Burma through the eyes of Reporters Without Borders

By  on February 19, 2015

For 25 years, the international NGO Reporters Without Borders that monitors attacks on freedom of information worldwide was banned from visiting Burma. Inside the country, all freely-reported news and information was forbidden and the country’s leading journalists were detained in its 43 jails. For years, the military regime would suspend publications for trivial reasons and the repression spared no one involved in news production, not even printers, some of whom were sentenced to seven years in prison for printing poems with democratic messages.

 

After being removed from the blacklist at the end of August 2012, at the same time as Aung San Suu Kyi’s children and former US secretary of state Madeleine Albright, Reporters Without Borders was finally able to visit Burma for the first time and meet all the generations of journalists it had supported from a distance, including the Burmese journalist, politician and political prisoner Win Tin, who spent 19 years in prison and who died on 21 April 2014, as well as those who had been on Democratic Voice of Burma’s list of imprisoned “VJs ” (video-journalists).

In its report Burmese Media Spring (December 2012), Reporters Without Borders said it was able to see the initial results of measures designed to loosen the government’s grip on the media. But the way forward for the media was still far from clear at this early stage of the government’s reforms.

It was following those visits that Reporters Without Borders compiled its report about the transition in Burma and taking account of the creation of new entities representing the Burmese media. Reporters Without Borders recommended that:

 

The Burmese government

• Strongly affirm its commitment to freedom of information and demonstrate this in a concrete way by beginning to dismantle the information ministry, which has no place in Burma’s new democratic environment.

• Severely punish anyone who is responsible for freedom of information violations.

• Curb lawsuits against the media by ministry officials and civil servants.

• Support the repeal of repressive laws and the adoption of a media law that respects freedom of information.

• Allow all journalists including freelancers to have access to state institutions in order to ensure that all government activity is fully transparent.

• Announce that the state media will be completely overhauled in the near future.

• Create a proper, recognized university course in journalism and, as soon as it is created, ensure that it is made available in all of the country’s major cities.

 

The Assembly of the Union of Myanmar

• Repeal repressive media laws as soon as possible, above all the Electronic Transaction Law and the 1962 Printers and Publishers Law.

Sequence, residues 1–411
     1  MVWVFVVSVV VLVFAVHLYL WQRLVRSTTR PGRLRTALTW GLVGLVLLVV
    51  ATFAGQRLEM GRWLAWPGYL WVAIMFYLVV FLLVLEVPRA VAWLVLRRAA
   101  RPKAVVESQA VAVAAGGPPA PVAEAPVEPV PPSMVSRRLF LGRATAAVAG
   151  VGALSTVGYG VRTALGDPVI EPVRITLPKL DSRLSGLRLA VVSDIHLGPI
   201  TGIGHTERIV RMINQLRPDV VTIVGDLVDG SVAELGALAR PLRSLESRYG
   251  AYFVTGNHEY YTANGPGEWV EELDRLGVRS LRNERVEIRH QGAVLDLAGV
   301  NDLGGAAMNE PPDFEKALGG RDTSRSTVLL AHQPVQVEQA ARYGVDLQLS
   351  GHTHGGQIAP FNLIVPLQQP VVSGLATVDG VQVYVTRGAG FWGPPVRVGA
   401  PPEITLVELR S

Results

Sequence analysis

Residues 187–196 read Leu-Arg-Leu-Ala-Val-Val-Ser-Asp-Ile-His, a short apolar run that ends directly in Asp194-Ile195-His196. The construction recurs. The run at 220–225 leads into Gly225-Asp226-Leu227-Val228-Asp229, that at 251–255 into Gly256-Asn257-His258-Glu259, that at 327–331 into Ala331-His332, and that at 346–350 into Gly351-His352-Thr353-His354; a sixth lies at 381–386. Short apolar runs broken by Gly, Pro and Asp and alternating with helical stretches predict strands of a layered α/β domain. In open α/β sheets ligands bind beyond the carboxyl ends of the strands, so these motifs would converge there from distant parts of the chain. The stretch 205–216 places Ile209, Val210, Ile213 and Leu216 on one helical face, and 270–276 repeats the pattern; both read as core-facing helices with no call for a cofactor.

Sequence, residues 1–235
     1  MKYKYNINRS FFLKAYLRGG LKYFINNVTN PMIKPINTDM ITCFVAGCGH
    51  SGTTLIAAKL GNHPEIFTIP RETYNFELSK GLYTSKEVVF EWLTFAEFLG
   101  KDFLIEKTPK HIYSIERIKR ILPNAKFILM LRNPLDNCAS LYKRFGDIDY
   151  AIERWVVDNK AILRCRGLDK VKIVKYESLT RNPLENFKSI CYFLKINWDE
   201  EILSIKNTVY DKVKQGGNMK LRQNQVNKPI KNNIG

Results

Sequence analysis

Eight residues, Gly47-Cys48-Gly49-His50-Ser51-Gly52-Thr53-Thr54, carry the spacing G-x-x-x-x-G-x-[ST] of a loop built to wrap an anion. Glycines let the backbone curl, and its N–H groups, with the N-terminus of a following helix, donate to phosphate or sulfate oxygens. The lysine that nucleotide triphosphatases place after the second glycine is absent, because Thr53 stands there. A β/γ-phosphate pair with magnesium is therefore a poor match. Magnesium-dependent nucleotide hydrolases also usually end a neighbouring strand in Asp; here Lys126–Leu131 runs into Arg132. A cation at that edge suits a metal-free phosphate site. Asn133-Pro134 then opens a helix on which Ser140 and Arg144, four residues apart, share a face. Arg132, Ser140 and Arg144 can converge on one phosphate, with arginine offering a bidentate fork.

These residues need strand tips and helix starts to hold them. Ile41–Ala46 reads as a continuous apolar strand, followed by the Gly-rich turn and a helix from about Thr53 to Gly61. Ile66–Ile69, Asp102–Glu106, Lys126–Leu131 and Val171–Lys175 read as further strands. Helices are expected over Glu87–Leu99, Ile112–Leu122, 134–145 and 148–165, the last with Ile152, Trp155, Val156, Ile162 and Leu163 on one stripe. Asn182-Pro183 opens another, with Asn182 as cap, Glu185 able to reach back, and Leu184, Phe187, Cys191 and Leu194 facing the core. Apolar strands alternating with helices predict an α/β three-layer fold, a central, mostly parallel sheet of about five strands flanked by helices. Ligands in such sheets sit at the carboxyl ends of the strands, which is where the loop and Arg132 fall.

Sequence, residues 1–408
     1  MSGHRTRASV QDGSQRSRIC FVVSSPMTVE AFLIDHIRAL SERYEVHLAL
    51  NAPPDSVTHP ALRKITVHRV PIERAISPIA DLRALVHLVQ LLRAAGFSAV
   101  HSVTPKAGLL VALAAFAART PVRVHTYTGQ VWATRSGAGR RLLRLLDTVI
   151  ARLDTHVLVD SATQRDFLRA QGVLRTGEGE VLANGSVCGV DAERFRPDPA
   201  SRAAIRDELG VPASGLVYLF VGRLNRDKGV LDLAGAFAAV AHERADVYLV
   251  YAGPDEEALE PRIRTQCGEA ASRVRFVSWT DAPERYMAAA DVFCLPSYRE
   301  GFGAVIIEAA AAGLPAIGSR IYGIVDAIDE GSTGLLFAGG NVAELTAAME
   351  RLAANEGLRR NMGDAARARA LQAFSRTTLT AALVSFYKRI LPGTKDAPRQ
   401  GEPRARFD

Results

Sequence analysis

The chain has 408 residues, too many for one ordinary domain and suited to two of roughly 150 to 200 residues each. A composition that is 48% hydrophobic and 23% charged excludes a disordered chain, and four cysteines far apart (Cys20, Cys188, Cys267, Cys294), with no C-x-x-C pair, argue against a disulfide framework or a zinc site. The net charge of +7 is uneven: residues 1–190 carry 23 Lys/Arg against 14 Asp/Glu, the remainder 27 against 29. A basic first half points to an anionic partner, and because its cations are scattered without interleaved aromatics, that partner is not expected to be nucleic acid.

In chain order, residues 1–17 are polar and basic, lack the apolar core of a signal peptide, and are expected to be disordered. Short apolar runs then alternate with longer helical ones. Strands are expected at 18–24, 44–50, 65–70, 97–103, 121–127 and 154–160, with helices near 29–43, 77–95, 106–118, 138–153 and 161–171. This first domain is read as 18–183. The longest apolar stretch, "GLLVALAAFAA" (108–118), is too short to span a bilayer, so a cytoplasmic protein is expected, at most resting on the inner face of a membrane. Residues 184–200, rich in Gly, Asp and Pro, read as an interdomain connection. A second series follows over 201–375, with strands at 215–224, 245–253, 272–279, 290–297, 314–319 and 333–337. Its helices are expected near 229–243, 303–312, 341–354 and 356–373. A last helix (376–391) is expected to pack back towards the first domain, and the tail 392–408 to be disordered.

• Adopt a media law that has been approved by the Press Council

 

The Press Council

• Draft a law for the print media that respects international standards and guarantees real protection for journalists.

• Ensure that that the print media law addresses issues linked to the publication and circulation of news and information on the Internet.

• Quickly draft laws for the other kinds of media.

• Draw up a code of conduct for journalists, taking care to consult journalists during the drafting

 

The international community

• Continue its aid to Burma but condition it on respect for fundamental freedoms, especially freedom of information.

• Ensure that assistance provided to the media does not allow the authorities to implement repressive policies.

• Condition the lifting of additional sanctions on a positive and significant improvement in freedom of information.

 

International NGOs

• Support the development of the Burmese media and the training of journalists.

• Continue to closely follow developments in media freedom, media legislation and the way ethnic conflicts are handled.

 

Burmese journalists

• Continue to participate in journalists’ associations and unions in order to revitalize the media and defend the media’s interests.

• Observe the rules of professional ethics and conduct and resist pressure to censor themselves.

• Continue to show each other solidarity during the transition, in which the disappearance of media will not in any way benefit the remaining media.

• Ensure that staff receive training that is adapted to the new media environment.

• Develop investigative journalism.

• Prioritize coverage of the country’s most isolated regions and not ignore the situation of the various ethnic groups.

• Continue to be objective and responsible in their work.

 

The full report is available here.


February 19, 2015
Categories:  Media Development

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